I clarified that either way he would not be made to pay. Stanford Hospital had options in place for those who could not immediately cover their medical bills. And besides, the food came with the cost of admission — if he did get charged for his stay, the food would be included in that price whether he ate or not. He agreed to have a chicken and rice bowl with some fruit, and fell into a fitful sleep.

The next day we talked more. His back still emitted a dull throb, but otherwise he felt fine. “But what about those lesions they saw?” he asked me. “Am I going to die?” He put his rough hand on mine and started to cry. He explained that his wife and child were back home. He was a policeman in his home country. He had come here a few years ago to earn money, and worked long hours at a gas station — often through the night. He worried about his safety. Every screech, every car that slid up while he was on his shift, set his nerves alight.

I asked him if he had a chance to speak with his wife, and he said he was afraid because he didn’t know how to explain what was happening to him.

At rounds, we discussed this patient as our mystery case: mediastinal lymph nodes on chest CT in a previously healthy male who lived abroad. Could this be reactive tuberculosis? Lymphoma? We stood in a circle outside his room, throwing around diagnostic options, citing papers, making a list of tests to order and consultants with whom to confer. All of this without needing to see his face.

Another day passed. When I saw him again, he had moved to a positive pressure isolation room, behind two sets of doors, and nurses went in and out wearing thick blue masks. When I walked in to see him, also wearing the mask, he looked tense. “Why am I in here?” he asked.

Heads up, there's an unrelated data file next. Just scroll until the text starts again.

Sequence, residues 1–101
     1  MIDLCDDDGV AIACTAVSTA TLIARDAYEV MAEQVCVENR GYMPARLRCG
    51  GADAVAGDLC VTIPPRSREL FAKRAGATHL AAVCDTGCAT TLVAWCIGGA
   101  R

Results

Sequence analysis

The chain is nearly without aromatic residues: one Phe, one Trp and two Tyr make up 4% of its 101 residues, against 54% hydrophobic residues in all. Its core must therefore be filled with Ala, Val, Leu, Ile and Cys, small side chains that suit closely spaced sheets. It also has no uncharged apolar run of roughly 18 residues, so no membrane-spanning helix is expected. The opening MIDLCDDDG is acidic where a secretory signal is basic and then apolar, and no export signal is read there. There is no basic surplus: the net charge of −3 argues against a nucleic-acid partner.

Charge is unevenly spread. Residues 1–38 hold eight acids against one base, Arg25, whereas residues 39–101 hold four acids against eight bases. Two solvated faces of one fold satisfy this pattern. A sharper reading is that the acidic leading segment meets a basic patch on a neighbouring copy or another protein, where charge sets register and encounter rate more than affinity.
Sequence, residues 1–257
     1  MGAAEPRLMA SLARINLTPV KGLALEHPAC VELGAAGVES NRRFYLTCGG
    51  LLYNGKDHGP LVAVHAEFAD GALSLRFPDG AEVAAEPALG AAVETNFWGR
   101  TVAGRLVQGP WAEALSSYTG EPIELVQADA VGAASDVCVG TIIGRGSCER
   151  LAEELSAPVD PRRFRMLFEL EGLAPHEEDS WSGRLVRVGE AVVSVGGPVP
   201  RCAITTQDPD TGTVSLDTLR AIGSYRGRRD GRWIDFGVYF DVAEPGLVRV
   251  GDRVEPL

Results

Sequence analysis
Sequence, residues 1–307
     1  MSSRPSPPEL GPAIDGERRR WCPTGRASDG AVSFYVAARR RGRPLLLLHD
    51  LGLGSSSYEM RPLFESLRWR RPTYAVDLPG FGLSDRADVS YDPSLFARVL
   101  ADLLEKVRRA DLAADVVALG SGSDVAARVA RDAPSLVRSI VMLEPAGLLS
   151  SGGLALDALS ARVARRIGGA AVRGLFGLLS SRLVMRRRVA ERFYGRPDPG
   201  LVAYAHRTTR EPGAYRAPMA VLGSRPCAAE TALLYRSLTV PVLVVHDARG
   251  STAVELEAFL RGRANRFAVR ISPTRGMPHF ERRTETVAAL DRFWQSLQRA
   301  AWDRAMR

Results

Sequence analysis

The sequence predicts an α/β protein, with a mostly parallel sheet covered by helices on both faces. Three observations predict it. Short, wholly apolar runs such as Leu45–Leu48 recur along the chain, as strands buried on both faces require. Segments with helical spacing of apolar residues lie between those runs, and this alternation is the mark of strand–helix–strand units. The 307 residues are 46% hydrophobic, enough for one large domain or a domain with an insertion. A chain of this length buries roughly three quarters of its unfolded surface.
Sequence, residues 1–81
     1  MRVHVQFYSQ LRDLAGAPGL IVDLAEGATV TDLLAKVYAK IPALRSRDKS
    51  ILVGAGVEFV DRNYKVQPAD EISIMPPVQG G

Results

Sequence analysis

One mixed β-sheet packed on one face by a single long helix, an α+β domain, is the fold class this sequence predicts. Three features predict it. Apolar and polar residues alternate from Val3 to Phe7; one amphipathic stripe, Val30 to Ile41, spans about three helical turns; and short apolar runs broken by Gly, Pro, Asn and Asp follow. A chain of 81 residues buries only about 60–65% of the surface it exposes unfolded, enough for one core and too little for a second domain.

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Events, Global Health, Haiti, Medicine and Literature, Patient Care, Stanford News

Physician writers share a “global perspective on healing”

Physician writers share a "global perspective on healing"

6319607736_156bcef31e_zWhen I saw that an event called “Medicine Around the World: Healing from a Global Perspective” was taking place on campus, I thought it would be right up my alley as a medical anthropologist.

The event, sponsored by Stanford’s Medicine and the Muse program and the Pegasus Physician Writers group, was a reading in which physicians shared some beautiful pieces they had written about their experiences providing medical services across the globe, including Haiti, Mexico, Austria, and Vietnam. The musings were less about culture than they were about poverty, conflict, disasters, and war, and what it’s like to seek health and healing in such overwhelming circumstances.

All five physicians’ writings brought to life a difficult scene. Julia Huemer, MD, a child and adolescent psychiatrist, wrote an aching piece about interviewing a young Somalian refugee in an Austrian winter just before Christmas. She conveys the utter incapacity of her survey to capture his experience, and an uneasy awareness that he is the one doing her a favor, indulging her intrusion. Here is a teenager too childlike to carry the weight of adulthood, yet who carries it with more grounded grace than many adults. Her holiday, once marked by stressful emptiness, is not transformed in any heartwarming sense, but at least becomes more heavy, more real.

Ali Tahvildari, MD, a radiologist, composed a “Ghazal for Global Health,” a poetic form used to convey love, loss, and longing, in this case pleading for the privileged to care about foreign suffering. Mali Mann, MD, a psychiatrist, chronicled her experience being one of “los medicos volodores” who fly to Mexico, where she works with orphaned children suffering severe emotional traumas. Henry Ward Trueblood, MD, a trauma surgeon, read an excerpt from his forthcoming book about being a surgeon in Vietnam during the war, where he worked in a tragically understaffed civilian hospital. The extreme environment pushed him to test the limits of his surgical competence, which both challenged him to grow and taught him to respect his own limits when he was way out of his league.

The piece that brought in the most “culture” in a classic anthropological sense was that of William Meffert, MD, a cardiovascular surgeon who read a fictional account of being trapped in a collapsed building in Haiti while on a medical mission after the earthquake. In it, he grappled with how religion – a Haitian mix of voodoo and Catholicism – played a vital role in the life of his assistant. As an atheist, the protagonist vacillated between being baffled, annoyed, and comforted in a way he couldn’t quite grasp; in a way that circled between dream and reality, the supernatural was a means toward healing.